Universities are struggling with long-term under-funding, but the ethical issue here is the wellbeing and long-term success of a generation of young people, rather than universities’ finances. It is surely a national priority to give our young people the opportunity to reach their potential. We cannot wish away the effects of the pandemic. But we must, out of fairness, invest in enhancing the support they now need, and that can be provided by universities, for them to recover lost ground and to flourish.

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  1. Iain MacLaren says:

    The other alternative, of course, is to return to the European norm of removing fees for higher education altogether. Clearly this is already the case in Scotland. In addition, the provision of adequate financial support for living costs and not loans, would all help to remove some of the appallingly stressful experience we are inflicting on our young people. All of this needs funding, but all of it can be funded with appropriate progressive taxation and other government revenue. University staff who are at the frontline of dealing with student distress need to be bolder in their demands and raise the bigger questions.

  2. John says:

    Even before Covid student mental health was clearly declining and becoming a major issue, with the near constant teaching of intersectional victimhood, and oppressorship, in primary, secondary and tertiary education. The additional costs to Universities to provide mental health support and tuition has been borne by an ever increasing dependence on overseas students and organisations such as the CCP’s Confucius Institute. Leaving the sector open to accusations of collusion with the CCP, unsurprising with so many C.I./CCP staff embedded in University administrations.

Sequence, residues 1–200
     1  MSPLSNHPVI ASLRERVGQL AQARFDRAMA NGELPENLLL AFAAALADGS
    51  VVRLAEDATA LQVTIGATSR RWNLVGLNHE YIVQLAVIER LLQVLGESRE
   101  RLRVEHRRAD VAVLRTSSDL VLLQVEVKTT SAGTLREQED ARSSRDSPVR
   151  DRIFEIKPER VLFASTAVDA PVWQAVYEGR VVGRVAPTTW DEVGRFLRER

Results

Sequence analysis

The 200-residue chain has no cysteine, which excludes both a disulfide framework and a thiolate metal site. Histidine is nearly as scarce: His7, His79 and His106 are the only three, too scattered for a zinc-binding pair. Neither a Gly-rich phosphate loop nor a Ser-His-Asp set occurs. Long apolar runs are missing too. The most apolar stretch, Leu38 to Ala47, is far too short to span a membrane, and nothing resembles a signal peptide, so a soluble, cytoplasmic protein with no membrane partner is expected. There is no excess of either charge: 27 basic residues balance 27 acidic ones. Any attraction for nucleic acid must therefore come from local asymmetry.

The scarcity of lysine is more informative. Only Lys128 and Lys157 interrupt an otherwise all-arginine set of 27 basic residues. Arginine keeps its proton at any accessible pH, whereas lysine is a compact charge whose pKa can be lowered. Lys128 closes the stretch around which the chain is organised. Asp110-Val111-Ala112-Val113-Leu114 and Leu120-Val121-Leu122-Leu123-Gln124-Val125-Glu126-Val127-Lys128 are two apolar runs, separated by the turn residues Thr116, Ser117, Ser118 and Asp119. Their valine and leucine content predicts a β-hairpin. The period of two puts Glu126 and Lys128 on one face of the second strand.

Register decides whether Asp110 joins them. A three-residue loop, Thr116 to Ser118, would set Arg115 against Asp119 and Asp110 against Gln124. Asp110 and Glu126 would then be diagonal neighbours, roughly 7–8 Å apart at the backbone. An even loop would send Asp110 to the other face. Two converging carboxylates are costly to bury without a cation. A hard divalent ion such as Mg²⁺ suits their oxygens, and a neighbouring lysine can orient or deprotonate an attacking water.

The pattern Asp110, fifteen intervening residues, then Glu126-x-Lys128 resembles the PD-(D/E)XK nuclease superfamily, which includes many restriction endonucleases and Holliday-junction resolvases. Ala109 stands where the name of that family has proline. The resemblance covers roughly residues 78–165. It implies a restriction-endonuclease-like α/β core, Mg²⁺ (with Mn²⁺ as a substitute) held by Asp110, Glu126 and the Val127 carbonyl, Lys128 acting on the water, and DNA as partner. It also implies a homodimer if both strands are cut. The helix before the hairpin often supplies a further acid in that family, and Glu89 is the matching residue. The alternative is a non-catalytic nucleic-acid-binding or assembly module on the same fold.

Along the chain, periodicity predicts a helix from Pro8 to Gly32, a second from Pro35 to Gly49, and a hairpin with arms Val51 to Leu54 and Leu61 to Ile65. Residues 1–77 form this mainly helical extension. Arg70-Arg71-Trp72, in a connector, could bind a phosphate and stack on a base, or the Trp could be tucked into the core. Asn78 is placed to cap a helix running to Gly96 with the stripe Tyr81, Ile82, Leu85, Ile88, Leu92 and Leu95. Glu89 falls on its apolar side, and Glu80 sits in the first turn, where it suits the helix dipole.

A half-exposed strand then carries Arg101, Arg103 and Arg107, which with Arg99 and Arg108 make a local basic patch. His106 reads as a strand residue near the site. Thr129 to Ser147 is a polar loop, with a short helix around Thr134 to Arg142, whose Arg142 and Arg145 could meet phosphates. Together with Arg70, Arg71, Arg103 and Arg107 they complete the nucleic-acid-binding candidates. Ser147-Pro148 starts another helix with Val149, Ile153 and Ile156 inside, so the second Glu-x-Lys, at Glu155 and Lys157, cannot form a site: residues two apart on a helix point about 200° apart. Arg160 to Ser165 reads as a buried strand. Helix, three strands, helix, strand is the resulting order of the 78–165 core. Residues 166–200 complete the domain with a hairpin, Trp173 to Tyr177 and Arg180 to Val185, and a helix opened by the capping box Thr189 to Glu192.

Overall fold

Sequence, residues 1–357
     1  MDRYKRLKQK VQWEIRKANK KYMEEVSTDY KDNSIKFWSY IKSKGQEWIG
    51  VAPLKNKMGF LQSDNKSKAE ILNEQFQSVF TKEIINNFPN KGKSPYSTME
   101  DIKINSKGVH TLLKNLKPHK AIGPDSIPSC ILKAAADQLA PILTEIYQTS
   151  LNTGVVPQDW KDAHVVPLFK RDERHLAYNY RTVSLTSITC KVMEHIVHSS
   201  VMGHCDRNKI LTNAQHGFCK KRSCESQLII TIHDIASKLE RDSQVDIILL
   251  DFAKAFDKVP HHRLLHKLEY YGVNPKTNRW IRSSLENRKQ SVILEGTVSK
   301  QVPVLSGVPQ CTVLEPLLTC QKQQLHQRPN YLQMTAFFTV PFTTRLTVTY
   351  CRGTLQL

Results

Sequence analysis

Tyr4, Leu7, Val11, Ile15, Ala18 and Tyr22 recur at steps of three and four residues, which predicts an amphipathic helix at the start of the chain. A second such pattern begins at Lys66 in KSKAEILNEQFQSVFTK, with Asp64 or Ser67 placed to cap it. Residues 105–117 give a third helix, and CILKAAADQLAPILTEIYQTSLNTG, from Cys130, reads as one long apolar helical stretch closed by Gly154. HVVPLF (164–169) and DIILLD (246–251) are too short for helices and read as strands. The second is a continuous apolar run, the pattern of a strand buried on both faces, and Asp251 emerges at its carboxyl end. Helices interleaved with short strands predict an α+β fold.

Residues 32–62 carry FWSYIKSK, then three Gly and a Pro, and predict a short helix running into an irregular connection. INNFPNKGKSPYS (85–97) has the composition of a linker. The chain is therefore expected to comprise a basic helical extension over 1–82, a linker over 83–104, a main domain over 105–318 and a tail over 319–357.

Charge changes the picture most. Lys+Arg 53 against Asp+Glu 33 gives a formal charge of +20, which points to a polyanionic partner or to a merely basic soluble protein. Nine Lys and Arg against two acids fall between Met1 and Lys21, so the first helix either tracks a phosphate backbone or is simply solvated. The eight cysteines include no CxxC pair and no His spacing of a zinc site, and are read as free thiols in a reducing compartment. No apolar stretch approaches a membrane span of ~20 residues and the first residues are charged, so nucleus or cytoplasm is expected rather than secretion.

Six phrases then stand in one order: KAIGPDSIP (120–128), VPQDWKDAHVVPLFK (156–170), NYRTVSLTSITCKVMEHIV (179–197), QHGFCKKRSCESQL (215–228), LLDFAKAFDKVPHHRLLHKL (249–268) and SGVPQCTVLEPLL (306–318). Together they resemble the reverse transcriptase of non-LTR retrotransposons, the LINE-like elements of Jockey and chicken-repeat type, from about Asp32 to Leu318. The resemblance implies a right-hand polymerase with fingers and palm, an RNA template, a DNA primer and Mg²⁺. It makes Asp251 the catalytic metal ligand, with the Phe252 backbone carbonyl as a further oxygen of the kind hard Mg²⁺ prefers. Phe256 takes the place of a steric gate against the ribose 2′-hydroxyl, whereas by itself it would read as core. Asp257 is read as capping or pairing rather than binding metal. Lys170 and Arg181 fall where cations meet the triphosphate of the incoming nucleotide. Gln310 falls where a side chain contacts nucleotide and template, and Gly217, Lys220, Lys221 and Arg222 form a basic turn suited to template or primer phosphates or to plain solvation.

So funding for the ‘Covid generations’ additional needs is going to be hard for Universities to find, especially with the CCP reducing the number of students, thus the additional funding they provide, much of which is already committed to building projects to replace dangerous failing older buildings on campus and Halls of residence anyway.

  3. albert wright says:

    Unfortunately this Government is highly unlikely to give you and the sector anything. The votes to be won are too small for action.

    Nor is the next Government going to invest much in HE as the real return on investment has been so low over the last 20 years and other planned action has higher priority.

    The situation in Ukraine gives Defence the highest priority.

    More will be spent and wasted on Housing, the NHS and Infrastructure.

    We all need to recognise that our leaders have really messed up and made so many mistakes and wasted so much money. Without major reform in the way UK Government is elected, managed and run nothing will change for the good.